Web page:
Generally yes, video is the type of "data" that takes up the most amount of hard drive space out of any function that I know of that can be done on a computer. The "tough" part is that video editing is also one of the most strenuous things you can have a PC do, meaning that speed of individual components matter. Being able to edit 4k video smoothy as an example requires a fast cpu, fast gpu, and also fast storage. It also requires a lot of space to hold your media.
    NLE's do some level of caching, yes. The short version is that while you're editing video inside the NLE, it will "render" the timeline. Which is a method by which what you're editing will playback smoothly as a form of optimization, merging together all your clips and any graphics or filters placed on top of your clips. It's essentially encoding temporary video files in order to do this. As you continue to edit it will continue to cache newer versions of your edit. The amount of caching can be limited, but a sufficient size is necessary to at least cover the length of your video.
    It doesn't quite work that way. Generally UI's that have two videos up will have one that is from your timeline (the video you're creating) and the other "playback head" is for clips you're scrubbing through. What that means is perhaps you're looking for another video or piece of a video you're looking through to add to your timeline. And you can see both so that if you'd like you can see where one section of the video would end or begin and where it's being placed visually.
    In terms of how necessary that is, it's not necessary at all. Some NLE's choose this as a UI choice and others don't. Basically what it is is a tie over from the film days in which you would literally have two tapes or reels and that would help you cut those two things together visually. But now that it's all digital (and not physical) tools like the timeline (that shows the placement of all clips) have replaced the need for showing "two heads". Some people like that hold over and some don't.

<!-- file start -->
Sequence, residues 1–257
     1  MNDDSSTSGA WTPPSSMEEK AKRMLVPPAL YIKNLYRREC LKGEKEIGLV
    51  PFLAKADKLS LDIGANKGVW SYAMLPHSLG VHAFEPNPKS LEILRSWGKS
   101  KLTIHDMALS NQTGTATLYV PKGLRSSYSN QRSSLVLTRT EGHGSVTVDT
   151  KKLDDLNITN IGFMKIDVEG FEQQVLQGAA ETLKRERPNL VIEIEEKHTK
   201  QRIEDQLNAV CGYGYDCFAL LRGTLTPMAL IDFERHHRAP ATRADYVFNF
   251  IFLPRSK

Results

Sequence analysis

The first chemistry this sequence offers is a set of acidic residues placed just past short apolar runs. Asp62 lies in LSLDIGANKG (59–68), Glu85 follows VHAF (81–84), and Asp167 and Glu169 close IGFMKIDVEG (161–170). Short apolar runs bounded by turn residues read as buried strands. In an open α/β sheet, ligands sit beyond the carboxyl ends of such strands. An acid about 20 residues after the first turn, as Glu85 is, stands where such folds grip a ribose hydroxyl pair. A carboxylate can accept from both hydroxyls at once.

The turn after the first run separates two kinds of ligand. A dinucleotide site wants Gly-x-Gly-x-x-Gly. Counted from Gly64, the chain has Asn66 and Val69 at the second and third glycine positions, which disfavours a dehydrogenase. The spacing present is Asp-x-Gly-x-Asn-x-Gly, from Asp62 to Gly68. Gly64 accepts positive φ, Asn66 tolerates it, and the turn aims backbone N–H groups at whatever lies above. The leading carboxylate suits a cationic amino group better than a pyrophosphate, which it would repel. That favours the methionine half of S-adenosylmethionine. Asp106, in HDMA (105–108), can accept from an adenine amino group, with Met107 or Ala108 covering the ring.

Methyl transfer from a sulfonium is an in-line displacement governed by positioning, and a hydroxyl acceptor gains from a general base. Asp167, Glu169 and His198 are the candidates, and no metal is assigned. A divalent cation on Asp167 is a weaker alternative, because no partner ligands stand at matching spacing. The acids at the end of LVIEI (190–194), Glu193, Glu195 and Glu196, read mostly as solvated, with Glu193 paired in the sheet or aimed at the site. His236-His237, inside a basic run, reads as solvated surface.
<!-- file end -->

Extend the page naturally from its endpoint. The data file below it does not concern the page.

Yes, like all major software there are a ton of tutorials on Youtube on Resolve. Some from Blackmagic design themselves as well as quite a bit of community generated content.
    Editing is a serious skillset. There isn't much to say other than that. Basic editing (splicing clips together and cutting stuff out) probably won't take you a lot of time to learn. But Resolve has the depth of Photoshop. So there will be perhaps tools you use all the time and tools you perhaps will never need to ever learn depending on what you want to do. More basic NLE's might seem less complicated because their interface has less tools on it. But will of course be more feature limited. The basic aspects will be roughly the same in all editors though.
    I would say the best way to learn this stuff though is simply by doing it. Just search for what you're trying to do one step at a time and add to your skillset. But if it isn't obvious before why people get paid money to edit videos it will become obvious as you start to dive into it. When you first start of course watch a basic overview tutorial. I found some really great ones at roughly an hour long that show in detail how to do all the basics step by step.
    But basically in an intro to your chosen NLE you'll first want to learn file management, ingestion (importing), using the timeline and editing clips in the timeline, and exporting plus some tips and tricks along the way. Those are the things you'll need to get started in any NLE. Everything else you'll add on piece by piece on top of that skill set.
     
    Last edited: Dec 31, 2019
  18. JC724

    JC724 [H]Lite

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    Ok I love the support I am getting on here. I truly appreciate. I apologize if my next few questions are dumb.

    I am trying to learn OpenShot so I can start doing some youtube content creation.
    I watched the first 3 OpenShot video editor tutorials by Jonathan Thomas on youtube. So I looked through some free template video intros that I found on youtube. I downloaded one of the template intros I wanted to modify. It came in a zip file. So I guess I have a a few questions. Can someone explain to me what one of these extension.